Many authors who discuss goal making, motivation and personal development have suggested if you focus on the negative you’re reinforcing your brain’s power and focus on that problem. Part of the thinking behind this is that it is impossible for your brain to process the word “no.”
Here’s a classic simple exercise that reinforces this idea. “I want you to closure eyes and listen to what I say. Now, with your eyes closed I want you to not picture a purple elephant.”
Did you picture a purple elephant?
What is your foot hurts? What if your foot hurts when you run? Would it help you if I said I want you did not think about your foot hurting every time your run?
The chances are good if you’ve been injured, you been thinking about your foot hurting for a very long time. Through the same patterns of neurolinguistic programming that are often used as tools to get people out of negative thought patterns, runners may sometimes get themselves locked into harmful thought patterns that will actually focus on the injury.
If you reframe your thoughts about injury it might help you heal faster. One way to do that is to create specific goals around healing. That’s why I created the Healing Runner’s Goal Worksheet. You can download it for free. It’s on the show notes page for this episode at DocOnTheRun.com.
Have you thought about your goals for this year?
Did you write out your goals? If so, does it include anything about pain, about limitations, about being slow, about not wanting to be slow anymore? Does it include anything that reinforces the idea of you being injured? If so, you might have to think about that differently. But we’ll get to that part.
Goals have been around for a very long time. In 1937 Napoleon Hill wrote “Think and Grow Rich.” His book was the result of more than 20 years of study during which Napoleon Hill interviewed some of the most successful people of his time. He was looking for traits that would guarantee success.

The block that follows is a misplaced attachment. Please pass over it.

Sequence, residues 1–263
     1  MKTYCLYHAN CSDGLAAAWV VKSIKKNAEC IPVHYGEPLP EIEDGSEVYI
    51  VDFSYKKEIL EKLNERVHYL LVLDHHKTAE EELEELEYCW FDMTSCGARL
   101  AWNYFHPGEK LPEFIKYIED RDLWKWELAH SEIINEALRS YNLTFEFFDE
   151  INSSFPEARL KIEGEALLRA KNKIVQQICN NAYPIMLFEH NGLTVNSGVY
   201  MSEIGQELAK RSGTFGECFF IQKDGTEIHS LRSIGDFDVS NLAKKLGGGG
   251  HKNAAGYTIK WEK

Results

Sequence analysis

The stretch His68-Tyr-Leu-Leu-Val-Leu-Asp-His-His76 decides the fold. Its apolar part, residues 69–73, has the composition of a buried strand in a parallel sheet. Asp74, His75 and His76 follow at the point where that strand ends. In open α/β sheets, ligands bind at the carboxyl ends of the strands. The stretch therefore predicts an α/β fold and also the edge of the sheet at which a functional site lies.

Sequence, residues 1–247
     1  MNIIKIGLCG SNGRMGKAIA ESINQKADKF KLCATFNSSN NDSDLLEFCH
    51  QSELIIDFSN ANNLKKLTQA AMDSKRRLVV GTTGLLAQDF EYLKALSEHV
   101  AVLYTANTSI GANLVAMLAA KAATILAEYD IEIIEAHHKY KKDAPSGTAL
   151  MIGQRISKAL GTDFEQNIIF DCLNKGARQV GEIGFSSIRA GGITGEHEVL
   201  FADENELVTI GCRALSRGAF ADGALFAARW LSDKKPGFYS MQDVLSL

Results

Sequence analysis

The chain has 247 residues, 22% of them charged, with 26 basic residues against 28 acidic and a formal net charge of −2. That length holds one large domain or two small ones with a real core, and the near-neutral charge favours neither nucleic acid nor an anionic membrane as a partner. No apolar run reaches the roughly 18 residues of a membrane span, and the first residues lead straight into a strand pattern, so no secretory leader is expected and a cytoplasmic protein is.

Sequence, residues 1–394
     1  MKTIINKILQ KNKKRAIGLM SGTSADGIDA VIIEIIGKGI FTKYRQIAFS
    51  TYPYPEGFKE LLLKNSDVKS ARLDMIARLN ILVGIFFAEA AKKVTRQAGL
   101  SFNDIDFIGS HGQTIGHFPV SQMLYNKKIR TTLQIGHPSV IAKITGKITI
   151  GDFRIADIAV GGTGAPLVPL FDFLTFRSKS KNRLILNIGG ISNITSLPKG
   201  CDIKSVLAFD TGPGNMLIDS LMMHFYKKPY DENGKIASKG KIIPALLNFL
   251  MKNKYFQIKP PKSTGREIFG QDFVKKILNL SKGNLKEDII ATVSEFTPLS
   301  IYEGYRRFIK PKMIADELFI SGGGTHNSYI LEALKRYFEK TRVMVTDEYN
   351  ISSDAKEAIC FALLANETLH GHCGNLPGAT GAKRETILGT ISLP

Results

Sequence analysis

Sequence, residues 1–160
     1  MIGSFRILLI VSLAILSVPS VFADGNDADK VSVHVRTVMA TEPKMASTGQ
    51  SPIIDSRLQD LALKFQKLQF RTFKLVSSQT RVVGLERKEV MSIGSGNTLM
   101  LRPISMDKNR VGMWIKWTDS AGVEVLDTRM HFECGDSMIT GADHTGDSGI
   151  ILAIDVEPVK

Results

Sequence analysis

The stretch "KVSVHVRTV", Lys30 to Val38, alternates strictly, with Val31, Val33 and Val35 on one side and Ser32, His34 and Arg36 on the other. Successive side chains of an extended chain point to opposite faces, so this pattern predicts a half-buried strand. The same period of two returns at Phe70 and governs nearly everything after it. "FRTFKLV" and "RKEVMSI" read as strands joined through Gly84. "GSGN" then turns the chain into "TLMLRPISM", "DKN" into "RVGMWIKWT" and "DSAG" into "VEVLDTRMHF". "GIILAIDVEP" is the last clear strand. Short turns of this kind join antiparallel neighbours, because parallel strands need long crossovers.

Hill outlined a number of principles that contribute to one’s likelihood of success. Perhaps the two most important are the idea of the Mastermind Principle whereby two or more people work together toward a common goal. The second principle was that you have to know very clearly where you want to go. In short, you have to have a goal. Napoleon Hill actually recommends writing your goals and reading them out loud twice a day every day.
The reason he recommends reading your goals out loud as soon as you wake up and immediately before you go to sleep is that your mind is at work all the time. He cites numerous examples of innovations that were developed while dreaming. About how so many great ideas come to people in their sleep. Hill also talks at great length about the power of the subconscious mind to produce results without any conscious thought.
If you have become habituated to pain, feeling injured, feeling bummed out just because you’re not able to exercise then your unconscious mind may be helping to perpetuate your injury. If that’s the case then you need to change, or at least reframe that thought process.